Peter Bohmer, Ph.D. – Evergreen State College professor, political activist
Noam Chomsky – Massachusetts Institute of Technology professor, political theorist, prolific writer, activist
Mark Cook – Former Black Panther, National Lawyers Guild member, prisoner advocate
Aaron Dixon – Former Captain of Seattle Black Panther Party, former Green Party candidate for Senator in Washington State
Roxanne Dunbar-Ortiz, Ph.D. – Former California State University professor, activist, historian, author
Andrej Grubačić, Ph.D. – California Institute of Integral Studies professor, activist, author
Arun Gupta – Journalist, contributor to The Progressive, In These Times, and The Guardian
Howie Hawkins – Co-founder of US Green Party, Green Party candidate for governor of New York
Malalai Joya – Activist, writer, former politician from Afghanistan, one of Time magazine’s 100 most influential people in the world (2010)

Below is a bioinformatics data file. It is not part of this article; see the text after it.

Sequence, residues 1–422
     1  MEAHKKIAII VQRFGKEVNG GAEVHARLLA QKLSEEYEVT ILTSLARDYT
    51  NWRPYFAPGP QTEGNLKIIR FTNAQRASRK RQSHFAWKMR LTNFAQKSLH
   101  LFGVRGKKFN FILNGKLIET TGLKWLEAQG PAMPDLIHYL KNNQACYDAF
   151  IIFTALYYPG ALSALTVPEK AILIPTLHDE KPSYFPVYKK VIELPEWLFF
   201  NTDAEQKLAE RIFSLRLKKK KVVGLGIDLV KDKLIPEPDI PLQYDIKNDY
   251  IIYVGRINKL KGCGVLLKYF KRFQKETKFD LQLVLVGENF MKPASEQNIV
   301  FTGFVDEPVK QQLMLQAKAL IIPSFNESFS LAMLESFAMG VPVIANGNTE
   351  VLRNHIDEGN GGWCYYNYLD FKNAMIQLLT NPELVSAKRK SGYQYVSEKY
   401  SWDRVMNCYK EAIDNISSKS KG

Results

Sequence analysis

Caroline Kaltefleiter, Ph.D. – SUNY Cortland – author, journalist, feminist, Anarchist Studies Initiative
Scott Kimball – Member of Iraq Veterans Against the War, Operation Recovery organizer
Sarah Lazare – Co-editor of About Face: Military Resisters Turn Against War, founding member of Civilian-Soldier Alliance, journalist for Common Dreams, The Nation
Staughton Lynd, Ph.D. – historian, professor, conscientious objector, peace and civil rights activist
Ed Mead – Contributor to The Rock, “Prison Focus” Newspaper; founder of the Prison Art Project, former POW
Jeff “the Snowman” Monson – UFC Mixed Martial Artist
Larry Mosqueda, Ph.D. – Evergreen State College professor, political activist
Mecke Nagel, Ph.D. – SUNY Cortland professor, author, feminist & prison rights activist
Bill Quigley – Professor at Loyola University New Orleans, former general counsel to ACLU Louisiana & legal director of Center for Constitutional Rights
Reyna Ramolete Hayashi, Esq. – Lawyer, wage justice activist
David Rovics – Folk musician, activist
Kyra Sedgwick – Golden Globe Winner, Emmy Award Winner, actress: The Closer
Cindy Sheehan – Antiwar activist, author of Peace Mom: A Mother’s Journey Through Heartache to Activism
Josh Simpson – Former counter intelligence agent with US Army, founder of COFFEE STRONG, Iraq War veteran, activist
Maru Mora Villalpando – CEO and founder of Latino Advocacy, immigrant rights activist